Which Joe gave his name to ‘sloppy joes’? We look at five interesting sandwiches and their lexical origins.
A long, narrow jug used for serving gravy.
- ‘Tip any juices that have flowed out of the chicken into the gravy, then strain into a warm jug or gravy boat.’
- ‘He was carrying the gravy boat, which was in the shape of a swan.’
- ‘Can you take the gravy boat to the table please.’
- ‘Early on, we were prompted by a number of requests to produce tabletop products like dishes and gravy boats in addition to our greeting cards and picture frames.’
- ‘The sauces came separately in their own gravy boats and really elevated the steak to higher levels.’
- ‘A full Victorian service will have dinner plates, side plates, tea plates, soup bowls, sauce tureens, covers and stands, large tureens and covers, open dishes, ladles, sauce and gravy boats - the basic principle is the more the merrier.’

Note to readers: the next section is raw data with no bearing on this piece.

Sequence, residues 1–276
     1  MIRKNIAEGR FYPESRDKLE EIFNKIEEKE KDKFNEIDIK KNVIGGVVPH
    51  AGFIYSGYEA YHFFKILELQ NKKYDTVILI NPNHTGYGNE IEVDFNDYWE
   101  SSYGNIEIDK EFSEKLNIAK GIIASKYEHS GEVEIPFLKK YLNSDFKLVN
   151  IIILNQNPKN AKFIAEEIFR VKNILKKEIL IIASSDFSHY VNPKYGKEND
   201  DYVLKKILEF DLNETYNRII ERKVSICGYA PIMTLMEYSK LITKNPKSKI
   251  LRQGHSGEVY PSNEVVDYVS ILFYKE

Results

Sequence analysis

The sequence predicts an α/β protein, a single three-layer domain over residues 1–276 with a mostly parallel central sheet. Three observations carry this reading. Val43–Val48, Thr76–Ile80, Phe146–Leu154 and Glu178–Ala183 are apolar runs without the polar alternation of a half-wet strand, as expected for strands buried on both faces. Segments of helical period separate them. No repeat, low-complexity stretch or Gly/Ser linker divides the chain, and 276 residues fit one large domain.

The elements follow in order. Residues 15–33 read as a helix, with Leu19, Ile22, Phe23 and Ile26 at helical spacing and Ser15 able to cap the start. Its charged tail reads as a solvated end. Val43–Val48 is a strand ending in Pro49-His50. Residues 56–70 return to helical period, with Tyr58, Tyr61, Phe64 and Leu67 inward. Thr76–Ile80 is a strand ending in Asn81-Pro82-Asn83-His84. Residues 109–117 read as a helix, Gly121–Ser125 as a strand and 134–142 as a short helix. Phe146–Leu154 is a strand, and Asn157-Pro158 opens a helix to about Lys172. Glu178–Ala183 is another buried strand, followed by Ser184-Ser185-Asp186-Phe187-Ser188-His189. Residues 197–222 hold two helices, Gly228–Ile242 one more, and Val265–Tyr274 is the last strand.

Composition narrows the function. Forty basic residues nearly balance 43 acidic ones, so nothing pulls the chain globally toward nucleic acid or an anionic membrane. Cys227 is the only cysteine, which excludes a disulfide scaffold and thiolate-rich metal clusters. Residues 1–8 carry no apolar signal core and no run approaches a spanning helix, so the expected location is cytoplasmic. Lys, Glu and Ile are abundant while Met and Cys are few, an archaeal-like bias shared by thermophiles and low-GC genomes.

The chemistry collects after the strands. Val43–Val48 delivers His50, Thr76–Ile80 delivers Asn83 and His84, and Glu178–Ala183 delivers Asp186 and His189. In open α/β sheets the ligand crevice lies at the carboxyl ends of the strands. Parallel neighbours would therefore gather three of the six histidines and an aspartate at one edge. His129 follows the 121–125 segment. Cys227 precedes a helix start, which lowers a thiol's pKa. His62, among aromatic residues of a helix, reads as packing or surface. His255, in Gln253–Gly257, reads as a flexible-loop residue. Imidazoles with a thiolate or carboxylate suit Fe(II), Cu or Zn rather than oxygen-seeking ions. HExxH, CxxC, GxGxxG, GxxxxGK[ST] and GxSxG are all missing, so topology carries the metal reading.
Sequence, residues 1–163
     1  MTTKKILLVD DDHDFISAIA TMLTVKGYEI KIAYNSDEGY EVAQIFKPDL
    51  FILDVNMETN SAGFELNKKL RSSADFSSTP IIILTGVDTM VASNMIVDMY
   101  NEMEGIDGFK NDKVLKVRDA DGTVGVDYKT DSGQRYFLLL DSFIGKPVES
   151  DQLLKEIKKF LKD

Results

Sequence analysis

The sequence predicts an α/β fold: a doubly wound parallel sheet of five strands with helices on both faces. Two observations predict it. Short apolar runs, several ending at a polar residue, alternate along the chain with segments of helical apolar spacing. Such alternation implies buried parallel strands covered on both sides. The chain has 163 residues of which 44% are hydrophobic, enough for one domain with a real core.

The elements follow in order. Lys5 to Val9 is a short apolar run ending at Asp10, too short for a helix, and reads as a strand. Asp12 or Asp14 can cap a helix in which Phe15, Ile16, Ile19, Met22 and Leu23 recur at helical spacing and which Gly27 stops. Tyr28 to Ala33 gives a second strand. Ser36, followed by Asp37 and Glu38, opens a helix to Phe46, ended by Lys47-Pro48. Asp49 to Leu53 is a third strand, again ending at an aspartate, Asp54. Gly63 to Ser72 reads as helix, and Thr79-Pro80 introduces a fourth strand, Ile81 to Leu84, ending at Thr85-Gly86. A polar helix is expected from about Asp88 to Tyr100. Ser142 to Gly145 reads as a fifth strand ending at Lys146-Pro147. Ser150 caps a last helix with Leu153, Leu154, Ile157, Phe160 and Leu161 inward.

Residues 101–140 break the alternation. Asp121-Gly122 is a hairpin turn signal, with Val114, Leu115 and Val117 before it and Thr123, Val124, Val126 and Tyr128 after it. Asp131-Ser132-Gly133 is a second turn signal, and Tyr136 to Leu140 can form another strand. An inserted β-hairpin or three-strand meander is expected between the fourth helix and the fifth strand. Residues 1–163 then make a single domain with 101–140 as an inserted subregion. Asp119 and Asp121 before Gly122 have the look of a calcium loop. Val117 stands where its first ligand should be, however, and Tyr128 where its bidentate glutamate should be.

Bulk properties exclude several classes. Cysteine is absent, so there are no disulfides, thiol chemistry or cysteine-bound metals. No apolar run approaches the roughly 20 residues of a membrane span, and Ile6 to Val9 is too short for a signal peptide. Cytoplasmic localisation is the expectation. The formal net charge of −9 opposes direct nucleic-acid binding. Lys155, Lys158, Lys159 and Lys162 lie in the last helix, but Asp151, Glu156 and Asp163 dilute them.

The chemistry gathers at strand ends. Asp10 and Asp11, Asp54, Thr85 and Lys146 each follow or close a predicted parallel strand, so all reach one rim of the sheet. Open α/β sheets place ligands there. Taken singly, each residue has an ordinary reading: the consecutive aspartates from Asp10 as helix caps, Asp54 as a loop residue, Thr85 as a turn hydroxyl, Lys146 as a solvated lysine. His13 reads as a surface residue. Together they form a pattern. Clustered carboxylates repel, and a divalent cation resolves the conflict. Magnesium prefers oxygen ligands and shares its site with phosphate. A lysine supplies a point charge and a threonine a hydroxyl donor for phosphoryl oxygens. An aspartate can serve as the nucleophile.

- ‘The salad came with two gravy boats, one with salsa and the other with Balsamic vinegar.’
- ‘Incidentally, a gravy boat is also available for purchase.’
- ‘I listened to her with the realization that her very last words to me might be, ‘this gravy boat belonged to your grandmother.’’
- ‘It came with a beautifully baked potato accompanied by a large gravy boat full of sour cream and a medley of grilled vegetables.’
- ‘That's why English gravy boats retained their separate drip plates, whereas American versions comes attached.’
- ‘The biggest prize she had ever won was a gravy boat in raffle in 1977, but she's now £1, 000 richer.’
- ‘The crystal, the Syracuse china and the gravy boat we only used once a year.’
- ‘Just before serving, over low heat, whisk in 2 more tablespoons butter; pour into a gravy boat.’
- ‘If you pay attention, you'll learn not only how to select the perfect gravy boat, but also how to return it for cash.’
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